Nat King Cole. Beethoven. Queen. The Backstreet Boys. When you hear the music of one of your favorite musicians or bands, how does it make you feel? Chances are some form of nostalgia sets in or you recall a memorable life moment.
Science has found that human brains are hard-wired to connect music with long-term memory. And musical memory is profoundly linked to emotions.
So for the scientist and humanitarian in all of us, this begs the question: If music and long-term memory are somehow linked, what impact can this have on people with Alzheimer’s or other forms of dementia?
Music has broad therapeutic potential, especially for those who suffer from Alzheimer’s or dementia. It can help manage stress, shift mood, stimulate positivity, improve motor movements, and improve cognitive function.
Music activation is located in the medial prefrontal cortex region, which is one of the last areas of the brain to diminish over the course of memory-deteriorating diseases. Musical memory is profoundly linked to emotions– thus we’re finding that Alzheimer’s does not destroy the lasting connection between a favorite song and a memory of an important life event. People with dementia or Alzheimer’s are sometimes able to reconnect to the world through listening to personal musical favorites.
Music has the potential to not only help the person affected by the disease, but it can also positively impact the lives of their family and the staff members who care for them.
Some benefits of music therapy include:
Many people who have not verbally communicated in years are able to find words and even sing remembered lyrics. Hearing a melody connected to a meaningful memory can provide comfort to those in memory care.
Alzheimer’s and dementia patients can experience restlessness, distress, anxiety, and often wander about the area in which they live. By having an iPod with music they enjoy, wandering and distress often decrease. The music is able to create a soothing, familiar experience for people who are living in what otherwise can be a confusing environment.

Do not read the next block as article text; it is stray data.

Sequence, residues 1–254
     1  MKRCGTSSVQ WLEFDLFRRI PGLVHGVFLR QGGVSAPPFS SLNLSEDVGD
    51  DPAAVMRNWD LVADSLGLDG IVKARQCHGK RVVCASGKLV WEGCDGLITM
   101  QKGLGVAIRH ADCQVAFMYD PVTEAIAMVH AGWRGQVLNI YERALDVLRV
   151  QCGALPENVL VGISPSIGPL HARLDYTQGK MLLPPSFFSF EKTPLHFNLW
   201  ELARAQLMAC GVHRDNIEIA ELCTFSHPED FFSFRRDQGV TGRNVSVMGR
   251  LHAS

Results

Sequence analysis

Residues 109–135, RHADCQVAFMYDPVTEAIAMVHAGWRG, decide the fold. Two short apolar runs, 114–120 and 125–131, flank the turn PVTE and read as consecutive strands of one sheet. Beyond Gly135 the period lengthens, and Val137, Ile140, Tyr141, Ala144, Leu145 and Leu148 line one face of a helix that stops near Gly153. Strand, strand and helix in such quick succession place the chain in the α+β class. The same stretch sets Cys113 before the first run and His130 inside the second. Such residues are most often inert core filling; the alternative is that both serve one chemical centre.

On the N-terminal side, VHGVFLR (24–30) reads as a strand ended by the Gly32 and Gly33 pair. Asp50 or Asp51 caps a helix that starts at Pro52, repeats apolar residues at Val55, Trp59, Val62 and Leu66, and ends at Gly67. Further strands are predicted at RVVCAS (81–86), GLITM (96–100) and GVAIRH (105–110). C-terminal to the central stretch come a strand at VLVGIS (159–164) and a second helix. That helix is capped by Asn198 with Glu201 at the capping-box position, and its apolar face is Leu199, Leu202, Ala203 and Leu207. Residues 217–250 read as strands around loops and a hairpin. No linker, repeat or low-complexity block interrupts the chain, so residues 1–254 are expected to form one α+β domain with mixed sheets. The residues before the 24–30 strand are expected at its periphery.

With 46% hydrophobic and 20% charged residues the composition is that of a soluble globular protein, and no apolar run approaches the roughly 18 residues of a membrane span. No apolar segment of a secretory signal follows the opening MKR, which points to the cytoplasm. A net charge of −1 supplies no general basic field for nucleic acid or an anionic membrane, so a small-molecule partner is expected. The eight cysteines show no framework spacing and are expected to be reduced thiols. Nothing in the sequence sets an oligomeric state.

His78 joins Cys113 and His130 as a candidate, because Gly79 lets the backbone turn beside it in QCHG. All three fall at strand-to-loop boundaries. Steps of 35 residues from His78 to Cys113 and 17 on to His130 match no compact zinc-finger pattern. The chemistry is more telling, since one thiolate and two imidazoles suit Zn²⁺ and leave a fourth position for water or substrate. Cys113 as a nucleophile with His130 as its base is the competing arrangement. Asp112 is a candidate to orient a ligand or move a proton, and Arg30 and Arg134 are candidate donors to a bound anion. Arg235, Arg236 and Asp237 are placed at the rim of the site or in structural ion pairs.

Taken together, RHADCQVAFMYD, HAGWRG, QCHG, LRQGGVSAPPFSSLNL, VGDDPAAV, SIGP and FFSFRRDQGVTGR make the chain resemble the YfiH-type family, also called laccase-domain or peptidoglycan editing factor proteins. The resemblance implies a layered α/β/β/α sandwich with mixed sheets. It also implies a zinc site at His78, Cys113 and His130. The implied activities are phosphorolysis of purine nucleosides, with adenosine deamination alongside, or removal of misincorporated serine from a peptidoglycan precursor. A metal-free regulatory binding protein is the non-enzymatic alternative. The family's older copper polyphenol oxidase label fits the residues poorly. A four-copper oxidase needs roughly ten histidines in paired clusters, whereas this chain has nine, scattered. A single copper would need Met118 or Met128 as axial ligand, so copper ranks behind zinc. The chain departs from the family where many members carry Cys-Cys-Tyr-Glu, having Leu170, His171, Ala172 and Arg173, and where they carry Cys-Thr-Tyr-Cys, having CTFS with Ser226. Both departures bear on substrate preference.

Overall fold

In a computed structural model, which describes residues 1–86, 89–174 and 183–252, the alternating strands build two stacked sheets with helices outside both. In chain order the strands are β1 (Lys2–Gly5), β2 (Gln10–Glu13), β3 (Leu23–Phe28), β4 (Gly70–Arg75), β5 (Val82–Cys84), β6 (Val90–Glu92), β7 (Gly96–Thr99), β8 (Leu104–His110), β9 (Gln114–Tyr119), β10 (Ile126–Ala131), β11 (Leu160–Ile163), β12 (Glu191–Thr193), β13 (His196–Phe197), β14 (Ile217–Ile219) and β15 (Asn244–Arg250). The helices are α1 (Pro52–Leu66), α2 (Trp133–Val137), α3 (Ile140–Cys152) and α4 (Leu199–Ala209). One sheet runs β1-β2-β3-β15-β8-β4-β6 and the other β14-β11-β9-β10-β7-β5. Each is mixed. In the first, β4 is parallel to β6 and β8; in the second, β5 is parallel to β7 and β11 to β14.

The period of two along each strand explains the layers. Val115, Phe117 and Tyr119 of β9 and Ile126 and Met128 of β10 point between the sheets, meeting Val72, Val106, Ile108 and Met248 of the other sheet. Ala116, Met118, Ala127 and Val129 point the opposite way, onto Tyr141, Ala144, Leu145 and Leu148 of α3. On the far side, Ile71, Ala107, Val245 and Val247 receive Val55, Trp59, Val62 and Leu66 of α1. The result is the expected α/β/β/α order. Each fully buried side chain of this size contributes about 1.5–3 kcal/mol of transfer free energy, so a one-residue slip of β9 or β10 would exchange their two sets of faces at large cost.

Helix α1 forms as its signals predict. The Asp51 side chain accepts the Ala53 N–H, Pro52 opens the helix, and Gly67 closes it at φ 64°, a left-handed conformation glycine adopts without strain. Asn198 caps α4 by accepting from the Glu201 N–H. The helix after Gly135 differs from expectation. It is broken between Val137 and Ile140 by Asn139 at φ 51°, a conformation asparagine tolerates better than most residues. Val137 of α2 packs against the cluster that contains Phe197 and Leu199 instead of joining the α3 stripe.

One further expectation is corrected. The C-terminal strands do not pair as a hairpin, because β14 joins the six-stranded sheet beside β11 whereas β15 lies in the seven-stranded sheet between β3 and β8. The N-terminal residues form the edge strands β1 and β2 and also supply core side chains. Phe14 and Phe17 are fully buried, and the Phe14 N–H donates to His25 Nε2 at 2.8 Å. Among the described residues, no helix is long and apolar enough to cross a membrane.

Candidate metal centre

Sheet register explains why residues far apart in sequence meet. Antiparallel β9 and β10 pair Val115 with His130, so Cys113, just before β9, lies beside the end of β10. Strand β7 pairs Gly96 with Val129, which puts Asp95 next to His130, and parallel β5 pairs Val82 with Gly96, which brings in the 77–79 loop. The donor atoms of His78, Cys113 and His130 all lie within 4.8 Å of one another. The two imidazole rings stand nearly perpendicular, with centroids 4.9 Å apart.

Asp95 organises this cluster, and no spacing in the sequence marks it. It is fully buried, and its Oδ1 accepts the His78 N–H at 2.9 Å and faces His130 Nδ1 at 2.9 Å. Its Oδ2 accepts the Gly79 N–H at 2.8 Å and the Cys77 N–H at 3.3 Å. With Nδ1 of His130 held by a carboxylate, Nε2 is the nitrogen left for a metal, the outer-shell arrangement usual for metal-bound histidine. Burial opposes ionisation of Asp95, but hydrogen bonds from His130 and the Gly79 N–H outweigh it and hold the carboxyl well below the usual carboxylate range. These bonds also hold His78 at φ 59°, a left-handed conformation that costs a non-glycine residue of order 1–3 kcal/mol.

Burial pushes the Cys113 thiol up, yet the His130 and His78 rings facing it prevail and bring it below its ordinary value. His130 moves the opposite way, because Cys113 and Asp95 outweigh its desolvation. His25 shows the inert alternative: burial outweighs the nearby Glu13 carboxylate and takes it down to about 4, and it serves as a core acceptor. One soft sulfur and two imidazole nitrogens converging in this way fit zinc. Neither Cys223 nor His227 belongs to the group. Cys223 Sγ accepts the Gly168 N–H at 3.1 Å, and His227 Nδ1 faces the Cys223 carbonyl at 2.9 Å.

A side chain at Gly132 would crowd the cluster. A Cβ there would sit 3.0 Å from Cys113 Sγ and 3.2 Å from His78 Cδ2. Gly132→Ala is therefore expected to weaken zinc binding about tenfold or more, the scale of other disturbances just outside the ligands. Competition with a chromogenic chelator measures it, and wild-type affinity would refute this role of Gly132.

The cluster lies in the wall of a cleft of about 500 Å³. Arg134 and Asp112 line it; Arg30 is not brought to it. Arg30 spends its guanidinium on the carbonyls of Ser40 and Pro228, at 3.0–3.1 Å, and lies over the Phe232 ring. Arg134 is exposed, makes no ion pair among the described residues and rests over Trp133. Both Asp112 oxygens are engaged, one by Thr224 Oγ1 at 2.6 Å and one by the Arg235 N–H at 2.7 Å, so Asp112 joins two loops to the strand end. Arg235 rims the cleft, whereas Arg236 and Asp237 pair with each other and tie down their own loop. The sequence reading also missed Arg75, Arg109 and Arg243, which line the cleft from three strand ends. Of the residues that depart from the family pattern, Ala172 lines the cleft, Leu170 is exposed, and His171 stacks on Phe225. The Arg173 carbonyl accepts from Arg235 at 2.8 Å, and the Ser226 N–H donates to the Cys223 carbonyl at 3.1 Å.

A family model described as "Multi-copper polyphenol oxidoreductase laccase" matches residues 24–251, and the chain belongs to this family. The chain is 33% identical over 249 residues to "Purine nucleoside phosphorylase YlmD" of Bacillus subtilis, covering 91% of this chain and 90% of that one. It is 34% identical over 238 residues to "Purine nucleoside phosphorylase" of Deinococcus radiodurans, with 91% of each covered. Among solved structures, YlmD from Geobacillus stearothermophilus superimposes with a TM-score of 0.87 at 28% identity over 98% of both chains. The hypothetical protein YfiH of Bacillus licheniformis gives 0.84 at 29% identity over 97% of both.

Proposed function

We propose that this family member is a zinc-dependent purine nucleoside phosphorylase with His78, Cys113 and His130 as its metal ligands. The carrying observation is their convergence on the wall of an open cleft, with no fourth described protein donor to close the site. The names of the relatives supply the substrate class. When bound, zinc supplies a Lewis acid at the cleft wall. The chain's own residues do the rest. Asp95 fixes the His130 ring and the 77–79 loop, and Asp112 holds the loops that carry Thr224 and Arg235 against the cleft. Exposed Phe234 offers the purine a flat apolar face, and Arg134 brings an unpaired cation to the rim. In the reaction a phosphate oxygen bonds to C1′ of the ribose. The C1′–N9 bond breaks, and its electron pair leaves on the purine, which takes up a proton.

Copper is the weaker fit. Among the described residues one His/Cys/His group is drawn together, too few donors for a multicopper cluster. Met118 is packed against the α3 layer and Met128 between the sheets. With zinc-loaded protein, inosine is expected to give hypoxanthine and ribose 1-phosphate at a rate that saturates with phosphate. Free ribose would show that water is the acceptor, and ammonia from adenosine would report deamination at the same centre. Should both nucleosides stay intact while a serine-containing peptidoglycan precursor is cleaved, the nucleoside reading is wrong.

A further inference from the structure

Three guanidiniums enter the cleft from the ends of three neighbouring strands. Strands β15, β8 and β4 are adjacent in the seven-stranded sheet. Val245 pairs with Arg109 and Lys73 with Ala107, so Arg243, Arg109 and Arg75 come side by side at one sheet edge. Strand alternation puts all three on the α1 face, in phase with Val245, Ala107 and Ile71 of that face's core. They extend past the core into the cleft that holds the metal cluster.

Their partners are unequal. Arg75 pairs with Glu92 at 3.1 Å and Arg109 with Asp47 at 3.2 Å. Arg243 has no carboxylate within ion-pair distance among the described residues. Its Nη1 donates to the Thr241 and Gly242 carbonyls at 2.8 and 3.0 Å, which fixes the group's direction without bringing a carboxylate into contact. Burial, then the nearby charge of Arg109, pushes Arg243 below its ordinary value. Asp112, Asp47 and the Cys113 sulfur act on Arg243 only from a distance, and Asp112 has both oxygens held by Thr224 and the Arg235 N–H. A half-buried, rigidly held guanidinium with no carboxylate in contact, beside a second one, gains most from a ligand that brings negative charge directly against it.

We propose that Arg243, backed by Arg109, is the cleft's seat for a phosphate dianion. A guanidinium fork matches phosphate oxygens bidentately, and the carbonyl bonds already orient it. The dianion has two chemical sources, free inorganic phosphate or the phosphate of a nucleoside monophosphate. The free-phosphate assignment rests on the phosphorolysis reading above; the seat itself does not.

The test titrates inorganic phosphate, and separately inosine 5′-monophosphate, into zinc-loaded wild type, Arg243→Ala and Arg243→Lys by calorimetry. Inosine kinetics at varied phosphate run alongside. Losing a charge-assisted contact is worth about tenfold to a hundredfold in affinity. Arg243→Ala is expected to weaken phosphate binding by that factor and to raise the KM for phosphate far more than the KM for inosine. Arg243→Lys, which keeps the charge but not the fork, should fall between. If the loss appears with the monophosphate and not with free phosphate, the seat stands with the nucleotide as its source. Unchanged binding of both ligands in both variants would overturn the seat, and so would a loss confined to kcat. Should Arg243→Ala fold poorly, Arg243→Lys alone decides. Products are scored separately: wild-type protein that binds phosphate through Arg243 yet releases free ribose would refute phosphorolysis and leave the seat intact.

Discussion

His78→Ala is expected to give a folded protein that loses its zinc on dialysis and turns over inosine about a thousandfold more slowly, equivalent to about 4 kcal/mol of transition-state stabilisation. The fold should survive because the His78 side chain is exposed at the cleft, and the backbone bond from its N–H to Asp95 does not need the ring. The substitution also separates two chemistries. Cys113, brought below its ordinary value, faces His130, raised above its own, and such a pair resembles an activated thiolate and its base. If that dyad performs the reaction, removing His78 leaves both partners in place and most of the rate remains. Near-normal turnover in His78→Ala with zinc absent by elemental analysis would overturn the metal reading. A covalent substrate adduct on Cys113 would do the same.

The use of music can reduce the reliance on antipsychotic, antianxiety, and antidepressant medications, decreasing the incidence of sundowning. Sundowning is the worsening of confusion or agitation as the day goes on, or as the sun goes down. This is often reduced or even eliminated with music.
Music & Memory, a non-profit organization specializes in launching music and memory programs in memory care facilities across the United States and Canada. Their goal is to create a better quality of life for residents suffering from any time of dementia or mental disorder associated with aging.
The organization works nursing staff and families in order to make a personalized playlist specific to each resident.
The following video is a trailer for a film showing the Music & Memory program in action. The full film was shown at Sundance Film Festival in 2014 where it won the Audience Award. The film follows multiple visionaries in healthcare including Dan Cohen, the founder of the Music & Memory program.
Judson became a Music & Memory certified facility in 2015, and since then we’ve seen positive results with residents of the Reinberger Neighborhood, the memory care unit at Judson Park. Stay tuned for our next blog post to hear from the director of Reinberger and her experience instituting the program at Judson.